Saturday, March 18, 2023

The George Hall Baker house - 294 Manhattan Avenue


In July 1886 architect Charles T. Mott filed plans for five three-story brick and stone residences on the east side of Manhattan Avenue, between 112th and 113th Street.  Each of the 20-foot-wide homes would cost their developer, Edward Roemer, $13,000 to construct, or about $386,000 by 2023 conversions.   

Mott's red brick, Queen Anne style homes were typical of his style, with bowed bays and dormers.   He designed the four facing Manhattan Avenue as two mirror-image pairs, while the corner house at 329 West 112th Street, was the show-stopper.  

Construction dragged on because of financial problems.  Surprisingly, when the row was completed in July 1890 all five homes were purchased by Smith Newell Penfield, a renowned organist.  He moved into the corner house with his wife, Sarah Elizabeth Hoyt.

Penfield sold 294 Manhattan Avenue to George Hall Baker on March 18, 1891 for $20,000 (around $615,000 today).  Baker and his wife, the former Ellen Eliza Atkins, had four children: George Friederich, Charles Atkins, Helen Julia, and Raymond Hall.

Baker was born in Ashfield, Massachusetts on April 23, 1850 to George and Mary Hall.  Upon his adoption by Charles and Wealthy Wells Baker, he received his new surname.  He and Ellen, who was known familiarly as Nellie, had married in 1875.  He graduated from Amherst College in 1874 and earned earn his post-graduate degree from Berlin University in 1878.  Upon his return to the United States, he helped compile The Century Dictionary.

The Manhattan Avenue house was convenient to his work.  In 1883 he was hired as assistant librarian at Columbia University and two years before buying the house was appointed Librarian-in-Chief.  Several years later, in 1913, the Annual Report of Chicago Historical Society mentioned: 

Under his administration the library made its greatest progress and acquired some of its most valuable collections.  He also instituted a new and very complete cataloguing system by means of which these treasures became thoroughly available to scholars.

George retired in 1899, earning the title Librarian Emeritus.  He now focused on "the study of art and art history and political science and literary work," according to The New York Times.

Not surprisingly, the Baker sons attended attended Columbia University.  Both Charles and Raymond became attorneys.  Following Charles's marriage to Marie Louise Johnston in 1908, the newlyweds moved into the Manhattan Avenue house where they would have three children.  Charles was, by now, a director and corporate counsel for the Harlem Contracting Company, vice president and counsel for the Pacific City Terminal and Contracting Company, and counsel of the Candelaria Gold and Silver Mining Company.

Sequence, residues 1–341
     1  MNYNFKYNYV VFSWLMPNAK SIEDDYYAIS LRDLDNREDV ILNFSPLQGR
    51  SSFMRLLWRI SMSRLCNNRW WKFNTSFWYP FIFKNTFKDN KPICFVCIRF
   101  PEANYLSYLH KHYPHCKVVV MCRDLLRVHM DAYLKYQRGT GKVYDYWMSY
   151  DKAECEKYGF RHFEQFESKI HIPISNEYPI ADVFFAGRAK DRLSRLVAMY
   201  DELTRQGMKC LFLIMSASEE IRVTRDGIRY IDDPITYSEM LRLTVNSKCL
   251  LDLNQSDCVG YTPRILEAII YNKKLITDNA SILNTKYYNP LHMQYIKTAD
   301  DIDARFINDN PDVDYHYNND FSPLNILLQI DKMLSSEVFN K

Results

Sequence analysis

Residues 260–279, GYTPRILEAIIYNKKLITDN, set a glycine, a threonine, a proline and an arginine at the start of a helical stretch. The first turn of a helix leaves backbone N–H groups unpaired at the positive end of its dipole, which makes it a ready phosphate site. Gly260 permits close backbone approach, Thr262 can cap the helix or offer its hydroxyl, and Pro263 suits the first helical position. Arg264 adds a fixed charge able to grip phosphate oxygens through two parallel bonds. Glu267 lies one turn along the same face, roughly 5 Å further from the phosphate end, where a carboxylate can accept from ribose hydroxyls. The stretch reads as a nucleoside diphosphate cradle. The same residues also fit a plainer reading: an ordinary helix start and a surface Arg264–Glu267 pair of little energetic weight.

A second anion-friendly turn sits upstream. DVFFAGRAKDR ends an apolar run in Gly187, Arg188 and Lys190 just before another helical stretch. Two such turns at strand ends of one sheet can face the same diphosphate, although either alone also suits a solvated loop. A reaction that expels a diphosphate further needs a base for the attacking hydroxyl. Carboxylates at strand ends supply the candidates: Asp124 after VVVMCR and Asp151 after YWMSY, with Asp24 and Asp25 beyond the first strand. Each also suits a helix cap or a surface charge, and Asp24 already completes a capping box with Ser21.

George Hall Baker died in the Manhattan Avenue house at the age of 61 on March 27, 1911.  Ellen remained with Helen (who was still unmarried), and Charles's family.  At some point Ellen's brother, John Bangs Atkins moved in.  John's country home was in West Brattleboro, Vermont, where he and Ellen had been born.

Nearly four decades after moving into 294 Manhattan Avenue, Ellen died there on December 28, 1930 at the age of 79.  Her funeral was held in the house on the following day.  

Charles Atkins Baker was, by now, the head of the corporate law firm of Parker & Arron at 55 Liberty Street.  He was also a director of at least six corporations.  Still living his family in the Manhattan Avenue house were Helen, who was still single, and John Bangs Atkins.  John died at West Brattleboro on May 17, 1932.  Before the end of the decade the house was sold.  (Charles died in New Jersey on December 7, 1945.)

294 Manhattan Avenue is second from right.

The Baker house was converted to eight apartments in 1941.  After decades of decline, the neighborhood experienced a renaissance in the early 21st century.  No. 294 Manhattan Avenue was put on the market in 2009 at $2.4 million.  It was finally sold in the summer of 2011 for about half that amount.  It and its architectural siblings create a handsome presence facing Morningside Park.  Its well-preserved facade--albeit with painted brick and replaced stoop railings--begs to be restored.

photos by the author
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